We park in the car parking area at Seathwaite. Our walk takes up the left side of Seathwaite Fell and back down on the other side. We walk forward through the farm and the buildings of Seathwaite turn slightly left then right and follow the sign “Sty Head 2 miles” through a gate and with the stream on our right we keep heading forward gradually uphill on the well used track until we arrive at Stockley Bridge, a packhorse bridge. We turn right over the bridge go through the gate and then turn left and keep following the track steadily going uphill with the wall and Grains Gill on our left. We leave the wall and keep following the track going over a footbridge so the stream is then on our right again. The track starts to go more steeply uphill and we can see Great End in front of us. We keep following the path until we arrive at the base of Great End here we go down and up a little dip then turn right, Great Gable and Green Gable are now clearly in front of us. We follow the path, on the level, past Sprinkling Tarn on the right and keep heading forwards to Sty Head. Soon Styhead Tarn is visible on our right and the views beyond the tarn are wonderful with the fells above Keswick peeping through. We head downhill for a short way before turning right and walk close to the left side of Styhead Tarn. We head forward with Styhead Gill on our right, go over a footbridge and starting heading downhill now with the gill on our left. We keep to the path and then we start to follow Taylor Gill Force steeply downhill until we arrive back at Stockley Bridge. We go through the gate over the bridge and turn left and follow the track we started on back to Seathwaite and our parked car.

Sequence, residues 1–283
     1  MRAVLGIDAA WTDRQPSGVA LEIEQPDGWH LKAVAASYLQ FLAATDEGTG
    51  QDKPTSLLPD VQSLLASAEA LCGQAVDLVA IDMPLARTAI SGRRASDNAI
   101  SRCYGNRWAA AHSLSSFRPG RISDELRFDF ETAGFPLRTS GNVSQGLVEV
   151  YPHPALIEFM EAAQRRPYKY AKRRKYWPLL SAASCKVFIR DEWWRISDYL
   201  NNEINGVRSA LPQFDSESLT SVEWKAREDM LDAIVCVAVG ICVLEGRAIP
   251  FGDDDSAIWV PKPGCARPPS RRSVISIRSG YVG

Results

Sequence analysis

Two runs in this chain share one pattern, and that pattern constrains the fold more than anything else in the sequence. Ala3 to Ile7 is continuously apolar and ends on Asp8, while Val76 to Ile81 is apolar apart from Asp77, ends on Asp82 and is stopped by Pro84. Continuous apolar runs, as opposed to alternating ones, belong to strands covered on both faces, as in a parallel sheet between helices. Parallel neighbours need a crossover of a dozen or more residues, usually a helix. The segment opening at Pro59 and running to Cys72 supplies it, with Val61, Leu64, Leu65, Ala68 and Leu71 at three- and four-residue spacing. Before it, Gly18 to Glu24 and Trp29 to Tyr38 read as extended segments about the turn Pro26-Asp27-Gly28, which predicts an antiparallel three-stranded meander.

Borrowdale   Seathwaite   Great End   Sty Head round | cumbria  Walks

Terrain

This is a moderate to hard walk with some very steep inclines and declines.

Distance

Approx 6 miles using OS map 4, The English Lakes North Western Area.

Location

Seathwaite is in Borrowdale, south of Keswick in the Lake District, Cumbria.

Directions